Supervisors discuss courthouse project, millage rate increase
MERIDIAN, Miss. (WTOK) - Property taxes in Lauderdale County just got a little more expensive. The increase by 4 mills has everything to do with the new courthouse project on 22nd Ave.
This is the first tax increase in more than a decade and supervisors say they had no choice.
The new courthouse complex comes with a hefty price tag, $40 to $50 million. Spending that money isn’t easy and that’s why Lauderdale County supervisors say increasing the millage rate was necessary.
“People have made suggestions about why we had to raise taxes and we didn’t save that money,” Dist. 1 Supervisor Jonathan Wells said. “It’s kind of hard to take a several decades old problem and ask us to save that kind of money in a few years to pay for a project like that. The only way to do that is to raise our millage.”
At the time of the vote, only three supervisors were present. Jonathan Wells, Kyle Rutledge and Wayman Newell all voted in favor of the increase.
“We did not want to raise taxes,” Dist. 5 Supervisor Kyle Rutledge. “I’ve been here ten years and never have. I believe the board hasn’t since 2008. Where we were put, we had to. We cut numerous things. It was looking like much more than that, but the board had to.”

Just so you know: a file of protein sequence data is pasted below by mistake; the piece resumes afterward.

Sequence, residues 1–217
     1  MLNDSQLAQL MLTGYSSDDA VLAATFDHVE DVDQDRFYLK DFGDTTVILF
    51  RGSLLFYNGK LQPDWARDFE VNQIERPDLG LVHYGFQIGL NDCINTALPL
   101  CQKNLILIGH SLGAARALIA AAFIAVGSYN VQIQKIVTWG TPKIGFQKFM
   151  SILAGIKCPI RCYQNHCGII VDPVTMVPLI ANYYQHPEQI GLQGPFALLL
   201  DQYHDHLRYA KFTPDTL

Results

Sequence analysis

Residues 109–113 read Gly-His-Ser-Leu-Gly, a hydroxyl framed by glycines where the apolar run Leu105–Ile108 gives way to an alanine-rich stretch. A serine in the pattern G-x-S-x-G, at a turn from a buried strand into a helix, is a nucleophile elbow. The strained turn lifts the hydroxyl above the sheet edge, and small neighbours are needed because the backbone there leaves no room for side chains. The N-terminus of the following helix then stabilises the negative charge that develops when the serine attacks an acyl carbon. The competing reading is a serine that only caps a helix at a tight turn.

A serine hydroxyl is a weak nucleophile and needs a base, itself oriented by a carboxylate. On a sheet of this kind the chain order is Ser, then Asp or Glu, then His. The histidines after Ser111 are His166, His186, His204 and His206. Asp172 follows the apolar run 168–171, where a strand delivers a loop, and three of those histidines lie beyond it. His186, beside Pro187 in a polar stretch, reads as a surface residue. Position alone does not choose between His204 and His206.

For years, grand jury after grand jury made it clear there were numerous issues with the current courthouse. Everything from leaky ceilings, falling ceiling tiles to paint peeling off the walls. Supervisors say a new courthouse was a must, even if it means an increase in taxes.
“I have kept every grand jury report,” Dist. 2 Supervisor Wayman Newell explained. “I have a stack that’s between three and a half and four inches tall of where the grand jury has belittled the supervisors for not doing something about the county courthouse.”
Over the years supervisors looked at several other options, including renovating the current courthouse. In January of 2019, supervisors asked companies to bid on a structural study, but only one company responded to the request.
The Department of Archives and History felt like that company wasn’t qualified to hold the study. At the time, supervisors wanted to know if the jail on top of the courthouse was causing structural issues to the floors below.
“The economy and the needs, it just is what it is. We are sorry, but that’s what we had to do,” Rutledge said.
the new fiscal year begins Oct. 1. A portion of the courthouse complex is expected to open next summer.
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